Wednesday, August 20, 2014

Retro Review: Chicago (2002)


                          Killer Musical Numbers, Fun Performances, And Satire? That's 'Chicago'
     I may not have said this before on my blog, but at first, I was never that much of a musical fan early on. But as I got into different genres, I found myself enjoying musicals more. Chicago is not only a successful musical that has an old style, but speaks about issues involving fame that are still relevant to this very day.

   Chicago follows the story of a woman named Roxie Hart (Renee Zellweger) who has the desire to be a big star. But when she kills the man who says he can make her one but just fibbed, she finds herself in prison, awaiting the death penalty. There is where she meets a fellow inmate named Velma Kelly (Catherine Zeta-Jones) who is a vaudeville star that was arrested for murdering her husband and her sister. They both wind up in a battle of wits as they fight for fame while being represented by the famed charming lawyer Billy Flynn (Richard Gere), who looks to focus on making Roxie a celebrity while imprisoned.

   First off, I did really like the musical numbers. Of course, when you are watching a musical, the highlights have to be the musical numbers, but I really liked the ones here. If I had to choose my favorite, it would probably be "All That Jazz" which is the opening number. The director, Rob Marshall, has a background in musical theater, and it really shows. I thought it was quite interesting how he was able to weave in the musical numbers that are figments of Roxie's imagination and cut back in forth between reality and the musical numbers occurring. I also thought the cinematography was brilliant. I loved the special colorful lighting, ranging from blue to red, that was used for the musical scenes. The musical scenes are really the heart and soul of the film and they are extremely well-done.

   Next, I'll get into the acting and the satirical context of the story. Renee Zellweger really sparks as the lead character of Roxie, the jailbird trying to charm her way to the top. Catherine Zeta-Jones, however, adds her own special spark to the character of Velma Kelly, who is as scheming as Roxie is, yet is more silver-tongued. To me, Zellweger and Zeta-Jones' performances are like vines that compliment each other as they play characters with the same intentions yet different ways to get their intentions. They both try to play victims, but Roxie goes the "he attacked me" angle while Velma is all "I was so shocked, I can't remember" angle. Richard Gere is also quite a showstopper as the lawyer Billy Flynn who is charming yet has quite a bit of sleaze up his sleeve. He is quite conniving yet Gere makes you pretty enamored with his character thanks to his effortless charm. Now, onto the story. The whole satirical context of the story deals with the ironic twist of how the two main characters achieve great fame just by committing murder. Yet whenever another murderess comes along and almost upstages them, they almost become forgotten. That reminds me of how whenever there is one "It girl" that comes along, audiences move on from that one once a new one suddenly enters the picture. It is quite relevant in today's celebrity-obsessed culture, that's for sure.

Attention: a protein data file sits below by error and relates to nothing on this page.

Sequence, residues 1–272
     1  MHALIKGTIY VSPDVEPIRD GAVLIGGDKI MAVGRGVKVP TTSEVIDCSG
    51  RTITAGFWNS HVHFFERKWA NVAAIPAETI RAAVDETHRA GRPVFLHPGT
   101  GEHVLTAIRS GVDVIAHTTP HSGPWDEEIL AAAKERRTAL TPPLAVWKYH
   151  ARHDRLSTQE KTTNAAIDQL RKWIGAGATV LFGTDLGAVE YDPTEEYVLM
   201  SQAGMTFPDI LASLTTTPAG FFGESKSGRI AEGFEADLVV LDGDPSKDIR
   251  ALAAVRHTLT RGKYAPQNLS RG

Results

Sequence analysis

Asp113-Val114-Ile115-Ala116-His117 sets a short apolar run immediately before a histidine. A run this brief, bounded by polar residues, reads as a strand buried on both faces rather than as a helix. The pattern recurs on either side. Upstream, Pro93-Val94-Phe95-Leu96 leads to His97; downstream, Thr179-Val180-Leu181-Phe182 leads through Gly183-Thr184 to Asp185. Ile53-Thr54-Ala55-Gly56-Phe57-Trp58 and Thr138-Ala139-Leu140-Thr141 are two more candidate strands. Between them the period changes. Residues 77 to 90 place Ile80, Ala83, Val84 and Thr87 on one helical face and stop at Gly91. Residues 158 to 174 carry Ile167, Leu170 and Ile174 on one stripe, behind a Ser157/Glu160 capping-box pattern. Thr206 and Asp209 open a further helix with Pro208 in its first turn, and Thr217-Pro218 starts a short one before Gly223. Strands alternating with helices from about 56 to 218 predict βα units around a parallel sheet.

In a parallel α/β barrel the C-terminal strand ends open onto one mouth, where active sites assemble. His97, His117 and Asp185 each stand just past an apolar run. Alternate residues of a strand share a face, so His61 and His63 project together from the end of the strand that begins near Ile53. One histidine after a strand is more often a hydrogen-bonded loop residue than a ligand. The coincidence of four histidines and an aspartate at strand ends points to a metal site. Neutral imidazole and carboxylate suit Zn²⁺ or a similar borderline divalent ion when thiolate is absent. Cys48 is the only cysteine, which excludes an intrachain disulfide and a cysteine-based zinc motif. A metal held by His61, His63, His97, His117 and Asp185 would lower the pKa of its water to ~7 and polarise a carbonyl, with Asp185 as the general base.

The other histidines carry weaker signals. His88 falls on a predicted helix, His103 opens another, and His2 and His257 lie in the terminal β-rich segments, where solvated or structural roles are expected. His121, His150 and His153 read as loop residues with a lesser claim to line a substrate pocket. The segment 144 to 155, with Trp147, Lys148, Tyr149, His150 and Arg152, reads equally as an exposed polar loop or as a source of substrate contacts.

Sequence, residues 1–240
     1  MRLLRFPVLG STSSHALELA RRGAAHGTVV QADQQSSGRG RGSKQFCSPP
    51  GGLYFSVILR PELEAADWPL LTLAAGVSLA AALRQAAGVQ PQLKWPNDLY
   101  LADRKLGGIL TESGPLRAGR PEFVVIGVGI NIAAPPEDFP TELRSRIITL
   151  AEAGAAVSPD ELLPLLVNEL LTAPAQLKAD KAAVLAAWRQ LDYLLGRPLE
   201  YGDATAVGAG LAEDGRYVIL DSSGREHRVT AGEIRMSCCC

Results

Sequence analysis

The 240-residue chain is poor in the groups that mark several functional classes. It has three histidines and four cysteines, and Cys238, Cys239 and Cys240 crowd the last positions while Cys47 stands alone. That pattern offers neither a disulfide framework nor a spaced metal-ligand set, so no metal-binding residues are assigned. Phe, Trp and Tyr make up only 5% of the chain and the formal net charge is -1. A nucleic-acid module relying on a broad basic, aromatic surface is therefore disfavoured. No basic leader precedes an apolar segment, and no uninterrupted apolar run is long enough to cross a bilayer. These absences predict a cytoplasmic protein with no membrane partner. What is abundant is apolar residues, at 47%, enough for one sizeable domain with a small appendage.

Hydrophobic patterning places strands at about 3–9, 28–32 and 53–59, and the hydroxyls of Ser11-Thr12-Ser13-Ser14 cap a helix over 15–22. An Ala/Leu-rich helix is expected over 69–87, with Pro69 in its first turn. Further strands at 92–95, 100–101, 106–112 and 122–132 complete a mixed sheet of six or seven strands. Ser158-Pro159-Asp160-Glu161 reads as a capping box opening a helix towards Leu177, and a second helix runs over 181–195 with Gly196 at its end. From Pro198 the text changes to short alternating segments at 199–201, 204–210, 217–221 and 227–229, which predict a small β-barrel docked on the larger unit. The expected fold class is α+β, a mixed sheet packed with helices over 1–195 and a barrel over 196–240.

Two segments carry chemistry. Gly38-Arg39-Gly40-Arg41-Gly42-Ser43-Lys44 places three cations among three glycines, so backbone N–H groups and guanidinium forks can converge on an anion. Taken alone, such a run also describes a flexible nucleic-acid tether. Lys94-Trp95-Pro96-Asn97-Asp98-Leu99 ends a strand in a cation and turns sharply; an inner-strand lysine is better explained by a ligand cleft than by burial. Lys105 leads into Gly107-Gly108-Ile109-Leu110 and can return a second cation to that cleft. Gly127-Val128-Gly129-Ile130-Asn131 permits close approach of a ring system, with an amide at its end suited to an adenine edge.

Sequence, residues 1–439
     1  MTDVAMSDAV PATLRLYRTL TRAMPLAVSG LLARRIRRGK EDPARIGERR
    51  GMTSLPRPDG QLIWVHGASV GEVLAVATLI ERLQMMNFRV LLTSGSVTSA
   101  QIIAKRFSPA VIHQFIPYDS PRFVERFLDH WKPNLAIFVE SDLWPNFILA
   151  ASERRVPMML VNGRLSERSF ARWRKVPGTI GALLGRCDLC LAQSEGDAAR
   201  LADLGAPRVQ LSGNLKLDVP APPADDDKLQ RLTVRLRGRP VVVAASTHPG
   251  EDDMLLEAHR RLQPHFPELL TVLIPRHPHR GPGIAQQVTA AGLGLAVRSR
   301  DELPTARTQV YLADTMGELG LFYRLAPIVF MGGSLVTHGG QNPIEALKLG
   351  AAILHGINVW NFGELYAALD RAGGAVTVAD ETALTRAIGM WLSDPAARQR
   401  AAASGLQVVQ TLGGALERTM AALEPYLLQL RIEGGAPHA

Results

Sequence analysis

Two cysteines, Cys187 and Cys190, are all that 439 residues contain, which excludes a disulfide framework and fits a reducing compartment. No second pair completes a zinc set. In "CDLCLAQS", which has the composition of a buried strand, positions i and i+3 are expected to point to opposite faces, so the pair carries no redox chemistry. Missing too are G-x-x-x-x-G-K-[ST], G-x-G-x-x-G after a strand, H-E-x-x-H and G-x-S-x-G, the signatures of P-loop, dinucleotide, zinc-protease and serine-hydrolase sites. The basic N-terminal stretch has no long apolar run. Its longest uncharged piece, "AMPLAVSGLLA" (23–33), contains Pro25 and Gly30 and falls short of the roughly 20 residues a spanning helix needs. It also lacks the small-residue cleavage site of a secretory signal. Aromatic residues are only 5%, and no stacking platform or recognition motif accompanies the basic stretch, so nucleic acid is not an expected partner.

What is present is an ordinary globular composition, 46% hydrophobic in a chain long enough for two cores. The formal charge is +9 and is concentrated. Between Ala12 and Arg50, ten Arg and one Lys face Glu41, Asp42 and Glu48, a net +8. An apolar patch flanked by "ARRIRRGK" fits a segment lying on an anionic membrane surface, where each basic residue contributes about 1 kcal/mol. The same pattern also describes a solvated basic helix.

Overall, Chicago is a ravishing musical that features bravura performances from its main cast and is an intriguing period piece that features satirical contexts involving fame that are still relevant to this day. I would say that if you like or even love musicals, be sure to give this one a watch because it is a real treat for that type of crowd. If you hate musicals, however, you'd want to look elsewhere since it has plenty of singing numbers and "all that jazz".

Grade: B+


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